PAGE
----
U.S. Special Operations Command and the War on Terror.
Since 9/11, Iraq and Afghanistan have been the most visible battlegrounds in the war on terror. However, Special Operators have been heavily engaged in less publicized ventures. In the Philippines and the Pacific Rim, they are working closely with and training partner nations' forces to track, locate, and neutralize the terrorist threats within their borders. In the tri-border region of South America (Argentina, Brazil, Paraguay), they are helping bring law and order to an area long known for its illicit activities and now associated with terrorist organizations. In the Pan-Sahel region of Africa, Special Operators, along with conventional forces, are training and assisting new partner nations in developing capabilities to deny terrorists freedom of movement and a new sanctuary.
This fight is global, and Special Operators are leading the way in every engagement they undertake. Utilizing their unique training, skills, and cultural awareness, they are doing what they do best: developing links within the population that will provide ongoing intelligence and personal relationships that will cement ties with allies around the world. With such capabilities and a global perspective, Special Operators will have an enduring role in defeating terrorism.
The War on Terror
America's vision of who its enemies are has evolved since September 11, 2001. Much like 65 years ago, a surprise attack has awakened the Nation to the grim realities of a threat intent on establishing a new world order that denies basic rights and individual liberty for the sake of narrowly interpreted ideology. Terrorism, once viewed as a largely criminal threat best dealt with through nonmilitary means, has now become the primary focus of our national security efforts. Terrorist groups are no longer simply law enforcement problems; rather, they are enemies of free people everywhere.
The challenge requires the mobilization of a collective will and resources, including all elements of national power, as well as the concerted efforts of allies and the private sector. Many of the actions the U.S. Government must take in this war will occur outside of designated combat zones, requiring unprecedented cooperation among departments. A synchronized national plan that applies all the capabilities of the Nation and its coalition partners is needed more than ever. The military element of national power will be just one of many.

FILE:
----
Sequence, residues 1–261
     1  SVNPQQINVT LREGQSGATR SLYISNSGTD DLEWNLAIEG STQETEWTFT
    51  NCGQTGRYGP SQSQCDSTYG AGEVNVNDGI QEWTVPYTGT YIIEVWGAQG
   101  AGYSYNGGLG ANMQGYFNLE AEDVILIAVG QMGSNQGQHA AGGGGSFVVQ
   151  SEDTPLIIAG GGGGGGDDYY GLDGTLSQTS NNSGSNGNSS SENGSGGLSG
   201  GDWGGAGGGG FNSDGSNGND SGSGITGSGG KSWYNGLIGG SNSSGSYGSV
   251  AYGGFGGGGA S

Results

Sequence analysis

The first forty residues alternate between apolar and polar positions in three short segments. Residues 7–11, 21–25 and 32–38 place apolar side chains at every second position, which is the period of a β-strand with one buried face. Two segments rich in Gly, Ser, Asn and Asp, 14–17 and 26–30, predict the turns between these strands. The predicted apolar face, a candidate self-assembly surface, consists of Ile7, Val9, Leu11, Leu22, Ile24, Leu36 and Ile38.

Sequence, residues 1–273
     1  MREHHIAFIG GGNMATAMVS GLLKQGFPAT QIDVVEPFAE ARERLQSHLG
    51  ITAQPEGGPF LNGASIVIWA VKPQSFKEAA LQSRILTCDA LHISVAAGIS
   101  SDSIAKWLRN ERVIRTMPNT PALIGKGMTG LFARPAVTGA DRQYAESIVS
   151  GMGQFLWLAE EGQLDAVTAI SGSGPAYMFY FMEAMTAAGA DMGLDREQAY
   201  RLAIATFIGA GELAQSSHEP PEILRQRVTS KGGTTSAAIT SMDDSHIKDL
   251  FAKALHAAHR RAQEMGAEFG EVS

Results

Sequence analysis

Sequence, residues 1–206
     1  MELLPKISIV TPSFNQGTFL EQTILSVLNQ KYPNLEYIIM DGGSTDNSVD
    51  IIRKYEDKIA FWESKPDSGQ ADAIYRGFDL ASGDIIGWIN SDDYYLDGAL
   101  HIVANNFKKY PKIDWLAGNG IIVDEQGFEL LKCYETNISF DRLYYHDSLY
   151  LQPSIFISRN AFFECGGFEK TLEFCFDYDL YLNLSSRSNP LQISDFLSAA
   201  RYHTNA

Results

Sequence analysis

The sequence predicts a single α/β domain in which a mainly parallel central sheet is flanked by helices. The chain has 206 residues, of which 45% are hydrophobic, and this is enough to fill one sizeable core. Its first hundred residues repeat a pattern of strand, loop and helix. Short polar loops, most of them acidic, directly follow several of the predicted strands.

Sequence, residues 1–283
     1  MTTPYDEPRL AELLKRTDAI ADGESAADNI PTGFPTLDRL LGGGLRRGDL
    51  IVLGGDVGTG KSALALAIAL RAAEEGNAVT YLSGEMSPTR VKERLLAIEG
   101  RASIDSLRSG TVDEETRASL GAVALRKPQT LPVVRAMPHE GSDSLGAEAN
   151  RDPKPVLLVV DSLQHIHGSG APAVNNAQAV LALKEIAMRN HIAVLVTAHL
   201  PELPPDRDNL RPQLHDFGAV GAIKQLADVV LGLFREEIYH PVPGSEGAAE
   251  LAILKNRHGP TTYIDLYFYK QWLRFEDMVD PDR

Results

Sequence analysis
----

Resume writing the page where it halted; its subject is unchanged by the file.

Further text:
This effort requires organizations capable of coordinating the efforts of all these diverse groups. Much like the newly established National Counterterrorism Center, designed at the national level to integrate and synchronize the U.S. Government-wide effort, U.S. Special Operations Command (USSOCOM) is structuring and posturing to lead Department of Defense (DOD) efforts in the war on terror. In so doing, USSOCOM will expand and elevate its demonstrated tactical and operational prowess to the strategic level.
DOD has been fighting the war on terror for over 4 years. The operational and structural changes undertaken to fight a lethal and agile enemy have been significant, nowhere more than in USSOCOM.
Continuing the strategic transformation that created Special Operations Command, the Secretary of Defense has granted the command new authorities to prosecute the war on terror. Known for speed of action, agility, and flexibility, the command has been designated as the supported combatant command for planning, synchronizing, and, when directed, executing campaigns against terrorist organizations. Inherent in these authorities are five major responsibilities: synchronizing DOD efforts toward a common strategic endstate; establishing priorities for action and intelligence; directing global operational preparation of the environment to find, fix, and capture key terrorist leaders or facilitators; supporting the combatant commanders in their regional efforts to defeat terrorist organizations; and finally, as directed, exercising command and control of counterterrorism operations.